# Thread: Help with Collatz Conjecture

1. ## Help with Collatz Conjecture

I need help in seeing if I can turn an idea into a proof, or if I am merely ruining Math with my attempt at solving this. I recently watched a youtube video on the Collatz Conjecture. The Conjecture is simple enough:
Start with a positive number n and repeatedly apply these simple rules:

1. If n = 1, stop.
2. If n is even, divide n by 2.
3. If n is odd, multiply n by 3 and add 1.

Now the way I approached the matter was first by switching n into binary format. So lets say we start out with 59 I turn it into 111011. So following the rules you would multiply by 3 or 11.

00111011
x 11
_____________
00111011
+01110110
_____________
10110001
or 177

Then you add 1 and get 10110010 or 178.
Next since it is even you would divide by 2 and get 89 or 1011001.

Long story short, repeating this you end up with 1.

So here comes the part where I need help getting this to the proof stage. But the basic concept is this, no matter what number n you start out with it can always be represented in binary, and no matter how large the first number of the string will be a 1, and if it is odd it ends with a 1, even it is a 0. The division by 2 in binary of an even number is simply truncation of the string. So you end up with the first 1 and the last 1. This causes the string to be multiplied by 3. This multiplication causes the shifting of the string to the left and keeps a 1 at its right end, thus the addition of 1 comes in and frees up the string to be truncated by the division by 2. Ultimately the end result of the odd rule and 3n will yield a string that is nothing but 1s and thus the addition of 1 will give a string with 1 and the rest 0, which is then truncated down to just 1.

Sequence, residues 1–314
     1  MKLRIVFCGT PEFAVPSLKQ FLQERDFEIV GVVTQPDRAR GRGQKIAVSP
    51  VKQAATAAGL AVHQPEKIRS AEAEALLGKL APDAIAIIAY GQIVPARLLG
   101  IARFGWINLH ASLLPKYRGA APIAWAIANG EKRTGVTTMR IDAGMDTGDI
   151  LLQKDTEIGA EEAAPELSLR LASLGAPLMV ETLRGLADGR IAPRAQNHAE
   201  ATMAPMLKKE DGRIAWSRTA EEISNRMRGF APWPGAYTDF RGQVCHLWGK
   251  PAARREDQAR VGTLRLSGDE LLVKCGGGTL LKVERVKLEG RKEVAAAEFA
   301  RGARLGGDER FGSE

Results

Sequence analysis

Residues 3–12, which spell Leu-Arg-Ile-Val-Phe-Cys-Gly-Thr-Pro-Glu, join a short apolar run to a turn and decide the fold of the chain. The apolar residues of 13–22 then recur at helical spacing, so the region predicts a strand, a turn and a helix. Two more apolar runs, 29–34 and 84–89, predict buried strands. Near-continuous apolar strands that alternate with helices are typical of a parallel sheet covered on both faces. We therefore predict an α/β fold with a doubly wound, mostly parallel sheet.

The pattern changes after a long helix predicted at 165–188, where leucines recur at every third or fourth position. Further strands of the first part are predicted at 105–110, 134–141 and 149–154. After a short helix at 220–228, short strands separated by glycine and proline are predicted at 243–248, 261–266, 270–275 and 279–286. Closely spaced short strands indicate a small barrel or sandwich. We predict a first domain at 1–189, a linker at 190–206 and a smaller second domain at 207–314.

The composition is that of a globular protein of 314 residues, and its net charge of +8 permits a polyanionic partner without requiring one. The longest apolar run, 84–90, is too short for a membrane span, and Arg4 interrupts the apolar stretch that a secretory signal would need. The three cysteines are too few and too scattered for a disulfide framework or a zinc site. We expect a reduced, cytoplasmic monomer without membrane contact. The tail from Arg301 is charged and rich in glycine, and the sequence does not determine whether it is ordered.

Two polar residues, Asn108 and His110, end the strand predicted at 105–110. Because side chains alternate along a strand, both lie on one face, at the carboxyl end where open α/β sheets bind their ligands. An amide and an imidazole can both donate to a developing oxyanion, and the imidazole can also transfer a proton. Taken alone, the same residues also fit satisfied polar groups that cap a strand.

To further show that this holds true, you can change the Odd rule to 3n +/- m where m is any odd number less than 3n. The end result of this change of rules will still yield 1, as the first part of the string is 1 and the last will be 0 due to adding an odd number.

Sorry that this is a bit rambling. Like I said, I kinda need help getting this into a way that is much easier to understand. It all makes sense to me, but maybe I'm not seeing a flaw in this understanding.

2. ## Re: Help with Collatz Conjecture

Hey Angreifen.

For the proof stage I'd recommend thinking about it in terms of the number of bits and showing that it will always reduce in the number given so many steps and that the last step is always 1.

For the last step you will have to consider two cases - n is even and 2 meaning that you divide by two and get 1 and n is odd meaning you multiply n by 3 and then add 1 (which won't lead to a 1).

If you can show that the number of bits will tend to reduce and that you can end up with a two (from certain cases where the number of bits is in that range) then you have proven the algorithm.

Note that when you divide by two you take a bit away and when you multiply by 3 you always add a bit (and sometimes add two of them).

3. ## Re: Help with Collatz Conjecture

chiro, thank you for the hint, sorry it took so long to reply.

I've been thinking about figuring out how many steps it would take to get to 1. So far I know what he absolute minimum is for any number n, and that would be m or the number of bits minus 1, and that would be evident when n = 2^m where m = number of bits -1.

4. ## Re: Help with Collatz Conjecture

I think you should try and find the number of steps it takes to reduce one bit and then go from there on in.